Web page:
You can improve the size and quality of fruit in your life, by applying a few good gardening techniques. After my earth day post, 7 ways to go beyond, Recycle, Reduce, and Reuse, I decided it was important to practice what I preach, so I went out and bought 4 vegetable plants: two types of tomatoes and two types of peppers. My 12 year old, Matt, and I planted them. A couple of days later my kids (Ruth and Matt) and I were coming in from the car and I invited them out to see the plants. I met them out by our four new seedlings with a pair of scissors in hand. The kid’s were surprised at how much the plants had grown in just two days. As we looked at one of the tomato plants and I handed Matt the scissors, I said, “You see those little flowers. That’s what’s going to become the fruit. Each of those little flowers over time becomes a tomato. Cut’em off.” Matt, exclaimed with obvious confusion, “Why?” I then explained how we wanted the energy of the plant to go to building the root system right now. Those little flowers look great and offer the promise of some really quick fruit, but in the long run, the plant is better off working on its roots. Next, I pointed out the “suckers”. “See those little branches growing between the main stalk and the main branches. Those are called suckers. They are taking up valuable energy we want used else where. Cut it off.” So snip, snip, and the suckers were gone.
So, what’s so bad about suckers?
The author of Hebrews, wrote, “Therefore, since we have so great a cloud of witnesses surrounding us, let us also lay aside every encumberance and the sin which so easily entangles us, and let us run with endurance the race that is set before us.” Hebrews 12:1
Pardon the mixing of metaphors here, but he is talking about pruning. Laying aside every encumberance and sin is snipping off the suckers. We all have activities or sins that suck away vital energy. If we don’t cut off the suckers, our lives can rapidly become like an unpruned plant. An unpruned plant is very full and vibrant looking, but the quality and size of the fruit is seriously compromised. Or in some cases a plant becomes so overburdened with suckers that it is pulled down to the ground and much of the fruit begins to rot as it rest against the soil. Limbs of the plants can actually snap off beneath the weight. Plants sprawled all over the ground in a terrible tangle are also more susceptible to diseases and pests. Does any of that sound similar to your life?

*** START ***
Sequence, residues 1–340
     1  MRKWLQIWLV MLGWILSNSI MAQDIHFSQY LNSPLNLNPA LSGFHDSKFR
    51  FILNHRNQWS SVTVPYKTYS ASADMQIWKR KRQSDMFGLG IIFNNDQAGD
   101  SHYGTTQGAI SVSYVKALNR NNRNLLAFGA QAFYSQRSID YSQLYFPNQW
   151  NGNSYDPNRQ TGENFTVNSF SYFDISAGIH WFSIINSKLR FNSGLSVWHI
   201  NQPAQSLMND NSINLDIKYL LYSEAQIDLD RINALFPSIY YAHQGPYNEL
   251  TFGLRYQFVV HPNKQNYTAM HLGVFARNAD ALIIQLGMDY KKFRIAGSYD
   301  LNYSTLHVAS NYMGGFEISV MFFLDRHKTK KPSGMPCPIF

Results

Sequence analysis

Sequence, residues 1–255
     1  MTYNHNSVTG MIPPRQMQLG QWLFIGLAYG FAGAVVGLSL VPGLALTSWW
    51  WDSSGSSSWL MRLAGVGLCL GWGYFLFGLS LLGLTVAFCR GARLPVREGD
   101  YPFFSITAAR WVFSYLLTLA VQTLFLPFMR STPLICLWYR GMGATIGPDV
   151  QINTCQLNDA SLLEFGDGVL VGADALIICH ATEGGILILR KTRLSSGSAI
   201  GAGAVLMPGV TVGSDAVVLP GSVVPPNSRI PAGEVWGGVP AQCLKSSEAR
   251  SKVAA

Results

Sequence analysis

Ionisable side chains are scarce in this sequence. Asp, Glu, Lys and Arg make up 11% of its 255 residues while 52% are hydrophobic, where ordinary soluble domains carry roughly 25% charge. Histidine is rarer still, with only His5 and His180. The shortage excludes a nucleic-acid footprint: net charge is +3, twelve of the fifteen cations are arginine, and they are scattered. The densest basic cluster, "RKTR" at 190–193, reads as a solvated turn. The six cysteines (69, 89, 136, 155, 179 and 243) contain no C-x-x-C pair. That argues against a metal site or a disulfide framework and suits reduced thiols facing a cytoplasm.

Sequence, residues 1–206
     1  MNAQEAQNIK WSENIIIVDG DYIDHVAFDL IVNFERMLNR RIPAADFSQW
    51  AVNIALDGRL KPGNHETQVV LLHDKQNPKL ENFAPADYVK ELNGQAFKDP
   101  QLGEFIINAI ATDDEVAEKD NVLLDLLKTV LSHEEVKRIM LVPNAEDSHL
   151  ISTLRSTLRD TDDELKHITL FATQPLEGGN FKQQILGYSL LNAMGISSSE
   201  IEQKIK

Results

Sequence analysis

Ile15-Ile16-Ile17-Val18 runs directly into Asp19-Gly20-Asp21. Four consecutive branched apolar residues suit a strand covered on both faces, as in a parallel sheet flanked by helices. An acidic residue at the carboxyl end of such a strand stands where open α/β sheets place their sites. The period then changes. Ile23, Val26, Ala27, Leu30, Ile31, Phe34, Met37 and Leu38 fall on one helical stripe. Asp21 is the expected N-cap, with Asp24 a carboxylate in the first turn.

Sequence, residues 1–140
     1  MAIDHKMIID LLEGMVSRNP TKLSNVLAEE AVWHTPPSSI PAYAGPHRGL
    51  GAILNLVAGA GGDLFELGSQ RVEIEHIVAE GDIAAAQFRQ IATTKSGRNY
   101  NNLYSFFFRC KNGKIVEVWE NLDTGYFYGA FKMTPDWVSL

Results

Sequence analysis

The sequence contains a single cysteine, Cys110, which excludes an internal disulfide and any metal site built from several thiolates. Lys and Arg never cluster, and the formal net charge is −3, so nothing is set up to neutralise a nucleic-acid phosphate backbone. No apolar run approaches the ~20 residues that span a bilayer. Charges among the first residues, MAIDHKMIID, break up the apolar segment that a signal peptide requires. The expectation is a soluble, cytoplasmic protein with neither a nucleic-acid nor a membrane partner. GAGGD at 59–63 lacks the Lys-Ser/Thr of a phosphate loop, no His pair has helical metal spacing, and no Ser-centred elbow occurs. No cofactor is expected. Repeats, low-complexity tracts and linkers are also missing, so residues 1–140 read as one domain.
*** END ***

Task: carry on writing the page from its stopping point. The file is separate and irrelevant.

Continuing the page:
If you are…
- feeling overburdened and drug to the ground
- really busy but not productive
- finding your best efforts are producing fruit that is minimal or rotting where it lies
- getting sick
- swarmed by pests (temptations) and unable to fight them off
- dropping limbs, i.e. you can’t effectively support everything you are attempting to do
…then you probably need a pruning. Here is how to get started.
Identify the Suckers
The thing about a sucker is you only know it’s a sucker because of its relationship to the main trunk and core branches. If you have no idea what the main trunk is in your life or the core branches, then you can’t identify the suckers. They are the little things that want to shove in between your core purpose and priorities. So, to prune you need to figure out what’s core. The trunk shouldn’t be hard to find. Scripture tells us that we are to “Seek first the kingdom of God.” The main branches you need to identify.
So what are the suckers for you. Here are a few of mine:
- Watching movies
- Trying to please people
- Getting lost in books
- Saying yes, to commitments I can do, but really should do.
- Performing tasks myself, that should be delegated
- Rehearsing old junk in my head that is long past
- Worrying about things in the future, that I can’t do anything about
- Staying up late needlessly
- Checking email far more often than necessary
You get the idea. I am sure you can figure out your suckers pretty rapidly. Now some of these things are not inherently wrong. For example, Facebook can be an awesome tool, but when it’s over done to the point that it is zapping my productivity or sleep, that’s just idiotic.
If you are uncertain about whether something is a sucker or not, then ask yourself, “Does this activity lead me toward the outcome I want?” or even more specifically, “Does this activity help me achieve what God wants me to do?” You can actually prevent a bunch of suckers by applying this question when planning. I sit down on Monday mornings and after having my prayer time, I create a list of “outcomes for the week”. I then write my to-do list for the week based upon the outcomes. I have found this really helps me focus my time more cleanly. Keep in mind that some suckers may actually be beneficial. You don’t have to hack off every one. In fact, with a tomato plant you need to leave enough suckers to shade the tomatoes so they do not suffer from sun scald.
Once you have identified, what needs to go, then cut, cut, cut away. Don’t hesitate, equivocate, rationalize, or justify, just get rid of the suckers.
Blessings to you from The Practical Disciple as you prune
p.s. For those of you who literally like to plant tomatoes or are interested in trying, here is a great website on the basics of tomato gardening, Growing Tomatoes.